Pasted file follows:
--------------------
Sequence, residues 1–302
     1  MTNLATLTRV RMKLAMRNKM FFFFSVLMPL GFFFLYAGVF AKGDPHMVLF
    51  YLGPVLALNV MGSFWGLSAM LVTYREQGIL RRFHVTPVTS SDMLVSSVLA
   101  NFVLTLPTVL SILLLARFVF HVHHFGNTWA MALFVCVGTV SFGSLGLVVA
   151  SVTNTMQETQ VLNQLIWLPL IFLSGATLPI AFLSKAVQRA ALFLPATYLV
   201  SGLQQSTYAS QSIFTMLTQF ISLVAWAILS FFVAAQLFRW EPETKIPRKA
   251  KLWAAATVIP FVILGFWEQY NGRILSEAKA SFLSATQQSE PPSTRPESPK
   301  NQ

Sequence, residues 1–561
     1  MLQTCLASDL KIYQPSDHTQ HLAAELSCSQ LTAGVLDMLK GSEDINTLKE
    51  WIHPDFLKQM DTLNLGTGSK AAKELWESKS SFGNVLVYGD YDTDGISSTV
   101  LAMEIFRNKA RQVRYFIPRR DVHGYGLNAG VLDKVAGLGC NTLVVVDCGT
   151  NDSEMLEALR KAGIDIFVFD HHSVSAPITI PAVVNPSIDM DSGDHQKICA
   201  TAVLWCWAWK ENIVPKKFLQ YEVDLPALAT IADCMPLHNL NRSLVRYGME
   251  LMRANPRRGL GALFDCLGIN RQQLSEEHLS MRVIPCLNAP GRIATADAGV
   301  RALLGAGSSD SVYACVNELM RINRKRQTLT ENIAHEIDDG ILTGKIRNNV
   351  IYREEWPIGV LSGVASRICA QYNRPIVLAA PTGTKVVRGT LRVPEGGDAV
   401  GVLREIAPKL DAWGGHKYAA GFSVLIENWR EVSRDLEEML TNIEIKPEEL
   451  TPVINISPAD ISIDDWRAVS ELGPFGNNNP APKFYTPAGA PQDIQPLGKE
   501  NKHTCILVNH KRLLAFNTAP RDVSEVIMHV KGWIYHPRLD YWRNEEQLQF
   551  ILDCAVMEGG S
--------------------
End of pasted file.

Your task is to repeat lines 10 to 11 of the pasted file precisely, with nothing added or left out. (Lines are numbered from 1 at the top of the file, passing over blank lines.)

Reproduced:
     1  MLQTCLASDL KIYQPSDHTQ HLAAELSCSQ LTAGVLDMLK GSEDINTLKE
    51  WIHPDFLKQM DTLNLGTGSK AAKELWESKS SFGNVLVYGD YDTDGISSTV